fatty acids -> beta oxidation -> Acetyl-CoA
    Acetyl-CoA -> Krebs Cycle -> ATP

    This works entirely without ketones.

    I haven't eaten in 11 hours now. And I'm not in mild Ketosis.
    Ketosis has a definition.
    Ketosis is when the amount of ketones in your urine rises due to increased production.
    It can be detected with test strips and the distinct smell, as well as the often experienced keto-flu as the brain which runs on mostly glucose needs to adjust to using ketones in higher amounts. This takes multiple days generally. You'd notice if your glycogen was almost empty.

    @stevencloser
    I understand your definition, but according to UpToDate, which is the evidence-based, peer-reviewed clinical decision resource that I use at my work, the average person will be in mild ketosis after 10-14 hrs of fasting, which equates to a blood ketoacid level of 1 mmol/L. I don't see any mention of the importance of diagnosis with urine ketostrips or any mention that this is the definition of ketosis.

    Also my understanding is if the amounts of acetyl-CoA challenge the processing capacity of the Krebs cycle (if activity in Krebs cycle is low due to low amounts of intermediates such as oxaloacetate), the acetyl-CoA is used instead to synthesize ketone bodies.

    If we know 1. that ketones have many metabolic and neurological benefits, 2. that they are instigated by fasting (or carbohydrate restriction), then I don't think it's a far leap to say 3. maybe some of these inexplicable benefits of fasting even for less than 24 hrs are related to the effect of ketones, i.e. ketosis, or the process by when they are created (which, for example, creates less oxidative stress, i.e. reactive oxygen species).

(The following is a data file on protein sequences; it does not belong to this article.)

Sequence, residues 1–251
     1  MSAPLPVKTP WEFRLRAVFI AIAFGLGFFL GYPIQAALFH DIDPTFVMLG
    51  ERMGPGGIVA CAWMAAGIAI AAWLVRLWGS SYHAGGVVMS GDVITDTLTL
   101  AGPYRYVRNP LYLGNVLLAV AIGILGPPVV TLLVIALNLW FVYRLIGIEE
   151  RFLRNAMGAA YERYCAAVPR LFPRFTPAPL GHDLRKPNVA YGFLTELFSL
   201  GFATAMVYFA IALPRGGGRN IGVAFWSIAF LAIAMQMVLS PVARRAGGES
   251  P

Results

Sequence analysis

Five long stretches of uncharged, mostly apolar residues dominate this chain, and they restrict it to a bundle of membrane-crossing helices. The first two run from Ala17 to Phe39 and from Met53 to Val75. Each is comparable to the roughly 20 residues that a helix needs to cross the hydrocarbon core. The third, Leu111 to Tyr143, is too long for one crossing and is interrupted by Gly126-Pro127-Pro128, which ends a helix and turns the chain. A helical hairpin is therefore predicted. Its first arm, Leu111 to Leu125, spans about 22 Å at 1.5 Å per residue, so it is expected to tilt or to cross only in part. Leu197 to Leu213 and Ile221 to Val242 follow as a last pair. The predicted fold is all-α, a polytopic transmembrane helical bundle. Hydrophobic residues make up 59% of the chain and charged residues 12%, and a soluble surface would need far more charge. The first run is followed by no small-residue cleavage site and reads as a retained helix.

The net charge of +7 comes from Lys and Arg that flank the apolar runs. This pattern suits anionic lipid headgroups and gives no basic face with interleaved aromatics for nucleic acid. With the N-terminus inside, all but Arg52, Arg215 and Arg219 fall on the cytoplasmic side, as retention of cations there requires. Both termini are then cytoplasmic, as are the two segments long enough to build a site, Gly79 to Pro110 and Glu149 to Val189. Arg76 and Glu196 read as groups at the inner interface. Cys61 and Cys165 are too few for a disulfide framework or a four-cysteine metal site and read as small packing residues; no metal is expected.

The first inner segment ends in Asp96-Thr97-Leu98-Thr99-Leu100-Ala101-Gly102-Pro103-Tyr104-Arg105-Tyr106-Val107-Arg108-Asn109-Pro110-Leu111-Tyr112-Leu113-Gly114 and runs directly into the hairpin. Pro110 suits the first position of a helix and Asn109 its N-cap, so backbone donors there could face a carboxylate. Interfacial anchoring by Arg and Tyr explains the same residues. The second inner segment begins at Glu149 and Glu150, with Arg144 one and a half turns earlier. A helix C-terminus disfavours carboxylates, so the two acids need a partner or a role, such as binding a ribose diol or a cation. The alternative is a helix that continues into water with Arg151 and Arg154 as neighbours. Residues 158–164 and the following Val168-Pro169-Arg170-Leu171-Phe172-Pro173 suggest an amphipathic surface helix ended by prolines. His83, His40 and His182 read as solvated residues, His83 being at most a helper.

edited April 2016
  • StealthHealthStealthHealth Posts: 2,418Member Member Posts: 2,418Member Member
    I'm by no means an expert in this but recently spent a little time looking for any study which compared IF to "normal" eating protocols in humans.

    There were studies which showed that ad libium IF was a useful tool for weight loss (usually in obese subjects) where, presumably, IF simply generated a greater deficit than other protocols.

    I could find no studies in which the control and subject groups were fed isocalorifically except where they were specifically studying the effects on exercise performance (which wasn't what I was looking for at the time). Others may have more success?

    Going back to Mosley's 5:2 fast diet and re-reading the text and cross refs to studies, it seemed to me that the benefits that he was stating were at the least "on the generous side". I'm not saying I'm anti IF - It is a technique I use often, but rather that for me, it is a tool which helps me to adhere to my allotted calories.